Throws:
Nothing.

Examples:
 version(Windows)
{
getName(r"d:\path\foo.bat") => "d:\path\foo"
getName(r"d:\path.two\bar") => null
}
version(Posix)
{
getName("/home/user.name/bar.")  => "/home/user.name/bar"
getName(r"d:\path.two\bar") => r"d:\path"
getName("/home/user/.resource") => "/home/user/"
}


string getBaseName(string fullname);
Extracts the base name of a path.

This function will search fullname from the end until the first path separator or first character of fullname is reached. Under Windows, the drive letter separator (colon) also terminates the search.

Returns:
If a path separator was found, all the characters to its right are returned. Otherwise, fullname is returned.

Throws:
Nothing.

Examples:
 version(Windows)
{
getBaseName(r"d:\path\foo.bat") => "foo.bat"
}
version(Posix)
{
getBaseName("/home/user.name/bar.")  => "bar."
}


string getDirName(string fullname);
Extracts the directory part of a path.

This function will search fullname from the end until the first path separator or first character of fullname is reached. Under Windows, the drive letter separator (colon) also terminates the search.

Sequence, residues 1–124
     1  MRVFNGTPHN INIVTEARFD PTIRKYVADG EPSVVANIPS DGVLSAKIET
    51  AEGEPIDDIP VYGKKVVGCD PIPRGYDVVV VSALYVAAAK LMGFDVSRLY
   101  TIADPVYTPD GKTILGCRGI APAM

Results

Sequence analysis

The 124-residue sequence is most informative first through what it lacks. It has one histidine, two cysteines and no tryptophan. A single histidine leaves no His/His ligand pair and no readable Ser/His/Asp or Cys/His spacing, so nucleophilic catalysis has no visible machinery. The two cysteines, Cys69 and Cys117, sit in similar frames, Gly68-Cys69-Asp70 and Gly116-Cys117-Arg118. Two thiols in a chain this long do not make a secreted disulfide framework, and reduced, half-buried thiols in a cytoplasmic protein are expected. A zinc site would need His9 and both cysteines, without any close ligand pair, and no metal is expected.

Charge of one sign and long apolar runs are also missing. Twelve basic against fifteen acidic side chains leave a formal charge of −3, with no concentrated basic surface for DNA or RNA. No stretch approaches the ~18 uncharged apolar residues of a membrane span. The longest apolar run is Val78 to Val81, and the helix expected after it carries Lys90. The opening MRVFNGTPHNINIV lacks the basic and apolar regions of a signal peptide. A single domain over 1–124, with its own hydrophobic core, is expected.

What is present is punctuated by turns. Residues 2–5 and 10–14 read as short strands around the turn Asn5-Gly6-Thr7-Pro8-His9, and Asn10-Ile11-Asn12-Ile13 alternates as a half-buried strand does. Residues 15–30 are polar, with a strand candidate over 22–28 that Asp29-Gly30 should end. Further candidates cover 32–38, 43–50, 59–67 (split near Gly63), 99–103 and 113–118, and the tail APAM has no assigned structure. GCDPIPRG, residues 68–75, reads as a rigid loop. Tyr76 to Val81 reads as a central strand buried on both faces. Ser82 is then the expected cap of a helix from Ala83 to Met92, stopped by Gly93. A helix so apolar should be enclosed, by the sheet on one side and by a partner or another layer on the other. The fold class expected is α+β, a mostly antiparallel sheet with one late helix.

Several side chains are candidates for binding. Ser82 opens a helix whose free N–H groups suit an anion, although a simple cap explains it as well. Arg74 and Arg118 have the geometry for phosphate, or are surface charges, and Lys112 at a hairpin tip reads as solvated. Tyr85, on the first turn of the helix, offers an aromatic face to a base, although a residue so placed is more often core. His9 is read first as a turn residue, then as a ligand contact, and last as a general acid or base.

Returns:
If a path separator was found, all the characters to its left are returned. Otherwise, fullname is returned.

Under Windows, the found path separator will be included in the returned string if it is preceeded by a colon.

Throws:
Nothing.

Examples:
 version(Windows)
{
getDirName(r"d:\path\foo.bat") => r"d:\path"
getDirName(getDirName(r"d:\path\foo.bat")) => r"d:\"
}
version(Posix)
{
getDirName("/home/user")  => "/home"
getDirName(getDirName("/home/user"))  => ""
}


string getDrive(string fullname);
Extracts the drive letter of a path.

This function will search fullname for a colon from the beginning.

Returns:
If a colon is found, all the characters to its left plus the colon are returned. Otherwise, null is returned.

Under Linux, this function always returns null immediately.

Throws:
Nothing.

Examples:
 getDrive(r"d:\path\foo.bat") => "d:"


string defaultExt(string filename, string ext);
Appends a default extension to a filename.

This function first searches filename for an extension and appends ext if there is none. ext should not have any leading dots, one will be inserted between filename and ext if filename doesn't already end with one.

Returns:
filename if it contains an extension, otherwise filename + ext.